The Apple (NSDQ: AAPL) iPad controls around 80 percent of the tablet market, which has seen just in the last month one high-profile casualty, the HP (NYSE: HPQ) TouchPad, fall in the face of competition. But that is not stopping the rush of device makers looking to launch products to gain a foothold in the game: today sees the launch of two new tablets from Sony (NYSE: SNE) and a new device from HTC, all based on Android.
The HTC tablet — initially reported as the Puccini but branded “Jetstream” in the U.S. — will be offered exclusively by AT&T (NYSE: T), which says in a release it will start to sell the devices online and in retail stores from September 4. It will be the first LTE-based tablet on offer from the operator.
It is also the first tablet from HTC to run on Google’s tablet-optimised version of Android, Honeycomb.
With a 10.1-inch HD screen, the device is on the large side, and so is the price: $699.99 with a two-year contract at either $14.99 or $25 per month, depending on how much data you want. AT&T notes that it will also offer the Jetstream with a subsidized price — a first for AT&T — when a buyer takes the $35-per-month contract option (subsidized prices have yet to be disclosed).
Meanwhile, over in Germany today Sony — not Sony Ericsson (NSDQ: ERIC) — finally unveiled its first two tablets, which it had first announced at the beginning of the year: the asymmetrically designed “S” (designed to be more natural to hold, says Sony) and the clamshell-shaped “P” — two of the rare attempts that we have seen of an OEM playing around with the form factor of the tablet, and not simply imitating the iPad.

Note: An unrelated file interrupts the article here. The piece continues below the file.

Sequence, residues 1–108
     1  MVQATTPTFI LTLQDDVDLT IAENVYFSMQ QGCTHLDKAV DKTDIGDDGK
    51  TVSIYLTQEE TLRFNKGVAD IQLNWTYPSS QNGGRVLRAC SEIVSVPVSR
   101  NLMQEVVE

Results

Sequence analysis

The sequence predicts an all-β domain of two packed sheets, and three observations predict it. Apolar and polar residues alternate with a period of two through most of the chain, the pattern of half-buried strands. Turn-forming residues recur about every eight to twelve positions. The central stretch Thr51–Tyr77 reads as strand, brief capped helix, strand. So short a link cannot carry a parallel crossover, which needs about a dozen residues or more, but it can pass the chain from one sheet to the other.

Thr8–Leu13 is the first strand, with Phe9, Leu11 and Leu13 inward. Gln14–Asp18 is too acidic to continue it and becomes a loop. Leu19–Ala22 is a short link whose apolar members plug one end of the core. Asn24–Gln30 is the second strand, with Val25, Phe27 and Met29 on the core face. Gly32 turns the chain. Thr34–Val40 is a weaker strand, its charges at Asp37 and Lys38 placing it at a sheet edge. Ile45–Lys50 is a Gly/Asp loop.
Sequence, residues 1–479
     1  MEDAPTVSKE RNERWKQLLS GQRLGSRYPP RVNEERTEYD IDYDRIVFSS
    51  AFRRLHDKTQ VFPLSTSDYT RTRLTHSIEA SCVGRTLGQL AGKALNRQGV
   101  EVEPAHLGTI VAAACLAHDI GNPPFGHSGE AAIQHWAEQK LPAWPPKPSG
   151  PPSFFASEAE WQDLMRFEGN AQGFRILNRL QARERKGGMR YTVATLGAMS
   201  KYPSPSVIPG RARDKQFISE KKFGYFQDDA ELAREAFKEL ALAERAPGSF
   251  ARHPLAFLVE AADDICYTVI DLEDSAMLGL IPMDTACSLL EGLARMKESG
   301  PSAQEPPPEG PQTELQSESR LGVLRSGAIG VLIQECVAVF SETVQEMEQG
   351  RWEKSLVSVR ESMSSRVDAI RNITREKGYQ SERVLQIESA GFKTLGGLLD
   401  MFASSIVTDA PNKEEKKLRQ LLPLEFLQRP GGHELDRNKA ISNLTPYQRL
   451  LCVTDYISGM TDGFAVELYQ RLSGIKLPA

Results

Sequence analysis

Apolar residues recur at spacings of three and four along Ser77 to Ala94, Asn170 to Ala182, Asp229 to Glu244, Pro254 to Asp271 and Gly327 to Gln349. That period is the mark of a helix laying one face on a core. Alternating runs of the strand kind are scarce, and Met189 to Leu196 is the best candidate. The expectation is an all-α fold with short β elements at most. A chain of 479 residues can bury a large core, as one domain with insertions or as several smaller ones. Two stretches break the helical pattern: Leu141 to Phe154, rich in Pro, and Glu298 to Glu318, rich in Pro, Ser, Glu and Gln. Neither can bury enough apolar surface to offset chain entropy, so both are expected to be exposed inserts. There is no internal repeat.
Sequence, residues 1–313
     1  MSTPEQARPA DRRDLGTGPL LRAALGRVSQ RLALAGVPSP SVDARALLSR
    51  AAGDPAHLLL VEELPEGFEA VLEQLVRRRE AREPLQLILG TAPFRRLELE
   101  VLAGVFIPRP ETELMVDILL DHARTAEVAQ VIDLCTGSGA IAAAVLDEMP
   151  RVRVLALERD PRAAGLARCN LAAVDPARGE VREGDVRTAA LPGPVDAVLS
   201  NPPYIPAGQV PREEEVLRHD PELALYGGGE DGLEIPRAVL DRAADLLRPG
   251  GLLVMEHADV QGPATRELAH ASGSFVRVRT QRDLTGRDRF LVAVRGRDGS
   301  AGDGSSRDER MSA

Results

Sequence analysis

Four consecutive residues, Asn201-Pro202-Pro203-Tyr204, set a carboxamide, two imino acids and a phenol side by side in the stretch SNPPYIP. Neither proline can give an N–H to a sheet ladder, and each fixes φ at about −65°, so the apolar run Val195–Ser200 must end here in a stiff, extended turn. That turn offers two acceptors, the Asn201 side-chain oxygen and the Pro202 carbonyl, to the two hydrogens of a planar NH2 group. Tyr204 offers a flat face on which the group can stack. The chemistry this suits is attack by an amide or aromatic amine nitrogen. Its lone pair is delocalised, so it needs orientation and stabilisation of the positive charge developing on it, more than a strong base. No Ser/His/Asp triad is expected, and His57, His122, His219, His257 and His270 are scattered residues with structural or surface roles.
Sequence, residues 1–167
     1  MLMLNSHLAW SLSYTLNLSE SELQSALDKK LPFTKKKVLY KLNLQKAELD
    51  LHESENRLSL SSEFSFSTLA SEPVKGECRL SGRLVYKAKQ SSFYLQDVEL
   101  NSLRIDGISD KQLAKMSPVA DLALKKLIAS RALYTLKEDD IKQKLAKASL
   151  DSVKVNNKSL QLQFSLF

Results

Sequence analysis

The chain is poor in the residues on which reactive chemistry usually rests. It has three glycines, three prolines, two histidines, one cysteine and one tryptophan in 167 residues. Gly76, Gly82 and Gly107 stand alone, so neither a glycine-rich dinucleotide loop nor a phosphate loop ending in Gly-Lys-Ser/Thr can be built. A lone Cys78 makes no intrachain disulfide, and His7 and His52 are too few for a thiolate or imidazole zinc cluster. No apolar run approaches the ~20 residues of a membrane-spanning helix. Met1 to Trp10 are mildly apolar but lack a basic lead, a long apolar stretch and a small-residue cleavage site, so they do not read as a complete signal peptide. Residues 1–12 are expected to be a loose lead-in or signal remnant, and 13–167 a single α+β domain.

Specifications aside — 1 GHz processors and other features have largely become table stakes in the new wave of tablets — perhaps the most distinguishing characteristic of Sony’s two devices is how much the company has tried to integrate its many other products and services into the device.
That’s a trend that we will probably start to see a lot more, as Amazon (NSDQ: AMZN) reportedly gears up for its own tablet launch, and Apple continues to develop software and services that work in the iOS ecosystem. It also goes some way to explaining why companies like HTC and Motorola (NYSE: MMI) have invested in companies to help them beef up their own entertainment ecosystems.
On the software side, this includes access to Sony’s Qriocity cloud-based digital entertainment services, including Music Unlimited and Video Unlimited; PlayStation games; Sony Reader e-books; and a picture service called “Personal Space” that links up with Sony cameras. On the hardware side, the tablets link up to Sony’s TVs and speakers and can be used as a remote control with its Blu-ray Disc players.
Unlike the HTC Jetstream, it does not appear that Sony has gone the route of operator partnerships in launching this device, preferring instead to control distribution through its consumer electronics sales channel.